Here, plasma can flow freely, giving rise to fast solar winds.

In the study, the researchers proved that switchbacks occur when there is an interaction between a region of open field lines and a region of closed field lines.

As the field lines meet, they reconnect into more stable configurations.

And much like a cracking whip, this releases energy, sending off an S-shaped disturbance.

Professor Zank said: ‘The first image from Metis that Daniele showed suggested to me almost immediately the cartoons that we had drawn in developing the mathematical model for a switchback.

‘Of course, the first image was just a snapshot and we had to temper our enthusiasm until we had used the excellent Metis coverage to extract temporal information and do a more detailed spectral analysis of the images themselves. The results proved to be absolutely spectacular!’

The researchers hope the findings will help to unravel the mystery of how solar winds are accelerated and heated away from the Sun.

‘The next step is to try to statistically link switchbacks observed in situ with their source regions on the Sun,’ said Ms Telloni.

The footage was recorded during the Solar Orbiter’s very first close pass to the Sun, and ESA hopes that with further orbits, even more data can be obtained.

Daniel Muller, ESA Project Scientist for Solar Orbiter, added: ‘With every orbit, we obtain more data from our suite of ten instruments.

‘Based on results like this one, we will fine-tune the observations planned for Solar Orbiter’s next solar encounter to understand the way in which the Sun connects to the wider magnetic environment of the Solar System.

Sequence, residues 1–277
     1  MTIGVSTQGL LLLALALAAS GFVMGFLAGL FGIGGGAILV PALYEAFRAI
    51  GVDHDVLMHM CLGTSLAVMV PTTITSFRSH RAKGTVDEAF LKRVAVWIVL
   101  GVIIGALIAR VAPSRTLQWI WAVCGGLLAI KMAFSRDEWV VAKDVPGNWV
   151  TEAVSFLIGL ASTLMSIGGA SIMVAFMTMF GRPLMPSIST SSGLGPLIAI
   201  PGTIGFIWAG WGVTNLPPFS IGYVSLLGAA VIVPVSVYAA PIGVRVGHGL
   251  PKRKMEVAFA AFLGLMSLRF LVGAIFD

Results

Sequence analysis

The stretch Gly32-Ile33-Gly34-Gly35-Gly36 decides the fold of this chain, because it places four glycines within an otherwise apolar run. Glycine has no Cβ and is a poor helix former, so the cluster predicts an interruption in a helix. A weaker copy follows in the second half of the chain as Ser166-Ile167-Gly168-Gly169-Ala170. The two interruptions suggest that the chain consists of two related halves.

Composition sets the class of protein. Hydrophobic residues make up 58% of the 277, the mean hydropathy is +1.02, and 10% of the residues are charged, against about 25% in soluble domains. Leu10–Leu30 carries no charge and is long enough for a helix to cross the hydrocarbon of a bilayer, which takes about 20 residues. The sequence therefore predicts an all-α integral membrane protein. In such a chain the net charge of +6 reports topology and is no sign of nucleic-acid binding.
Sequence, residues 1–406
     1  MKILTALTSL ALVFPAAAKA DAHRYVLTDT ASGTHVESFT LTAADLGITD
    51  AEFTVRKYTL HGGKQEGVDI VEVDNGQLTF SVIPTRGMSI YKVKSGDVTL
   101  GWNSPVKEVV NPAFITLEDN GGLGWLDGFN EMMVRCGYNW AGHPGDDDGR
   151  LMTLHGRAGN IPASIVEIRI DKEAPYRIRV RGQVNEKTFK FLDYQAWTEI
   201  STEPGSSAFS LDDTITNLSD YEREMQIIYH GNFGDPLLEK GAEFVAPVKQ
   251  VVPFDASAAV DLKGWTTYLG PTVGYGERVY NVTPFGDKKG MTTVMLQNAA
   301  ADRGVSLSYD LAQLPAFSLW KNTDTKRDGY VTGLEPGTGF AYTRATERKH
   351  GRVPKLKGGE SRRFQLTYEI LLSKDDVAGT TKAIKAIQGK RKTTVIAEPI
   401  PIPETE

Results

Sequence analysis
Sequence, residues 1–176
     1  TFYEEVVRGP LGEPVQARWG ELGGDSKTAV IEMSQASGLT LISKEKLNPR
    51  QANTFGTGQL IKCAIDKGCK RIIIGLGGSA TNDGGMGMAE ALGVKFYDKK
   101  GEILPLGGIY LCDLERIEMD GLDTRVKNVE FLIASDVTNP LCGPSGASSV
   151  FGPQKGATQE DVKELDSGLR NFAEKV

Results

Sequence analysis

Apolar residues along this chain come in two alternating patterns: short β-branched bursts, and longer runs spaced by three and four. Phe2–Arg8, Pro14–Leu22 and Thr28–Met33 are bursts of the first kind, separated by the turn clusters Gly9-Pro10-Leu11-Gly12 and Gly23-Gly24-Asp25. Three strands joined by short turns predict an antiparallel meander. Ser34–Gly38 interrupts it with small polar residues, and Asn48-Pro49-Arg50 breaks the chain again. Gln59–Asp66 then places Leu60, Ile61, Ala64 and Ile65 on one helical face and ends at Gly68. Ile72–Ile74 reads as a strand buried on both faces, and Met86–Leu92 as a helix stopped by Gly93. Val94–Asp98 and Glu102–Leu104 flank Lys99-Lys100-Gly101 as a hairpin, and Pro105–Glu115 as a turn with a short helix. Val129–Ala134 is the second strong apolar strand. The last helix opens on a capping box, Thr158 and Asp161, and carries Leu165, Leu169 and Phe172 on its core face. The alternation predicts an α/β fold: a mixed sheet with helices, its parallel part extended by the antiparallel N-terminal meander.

‘This was Solar Orbiter’s very first close pass to the Sun, so we expect many more exciting results to come.’

ESA’S SOLAR ORBITER: THE BRITISH BUILT SPACECRAFT WILL BE THE FIRST TO CAPTURE IMAGES OF THE SUN’S POLAR REGIONS

Solar Orbiter is a European Space Agency mission with support from NASA to explore the Sun and the effect our host star has on the solar system — including Earth.

Solar Orbiter (artist's impression) is a European Space Agency mission to explore the sun and its effect on the solar system. Its launch is planned for 2020 from Cape Canaveral in Florida, USA

Solar Orbiter (artist’s impression) is a European Space Agency mission to explore the sun and its effect on the solar system. Its launch is planned for 2020 from Cape Canaveral in Florida, USA

The satellite launched from Cape Canaveral in Florida in February 2020 and reached its first close approach to the sun in June 2020.

It was built in Stevenage, England and is loaded with a carefully selected set of 10 telescopes and direct sensing instruments.

Solar Orbiter will fly within 26 million miles (43 million km) of the solar surface to closely inspect our star’s poles.

Scientists are investigating how the sun’s violent outer atmosphere, also known as its corona, forms.

It was built in Stevenage, England and is loaded with a carefully selected set of 10 telescopes and direct sensing instruments

It was built in Stevenage, England and is loaded with a carefully selected set of 10 telescopes and direct sensing instruments 

This is the region from which ‘solar wind’ — storms of charged particles that can disrupt electronics on Earth — are blown out into space.

Through Solar Orbiter, researchers hope to unravel what triggers solar storms to help better predict them in future.

The Solar Orbiter’s heat shields are expected to reach temperatures of up to 600C (1,112F) during its closest flybys.

It will work closely with Nasa’s Parker Solar Probe, which launched in August 2018, and is also studying the Sun’s corona.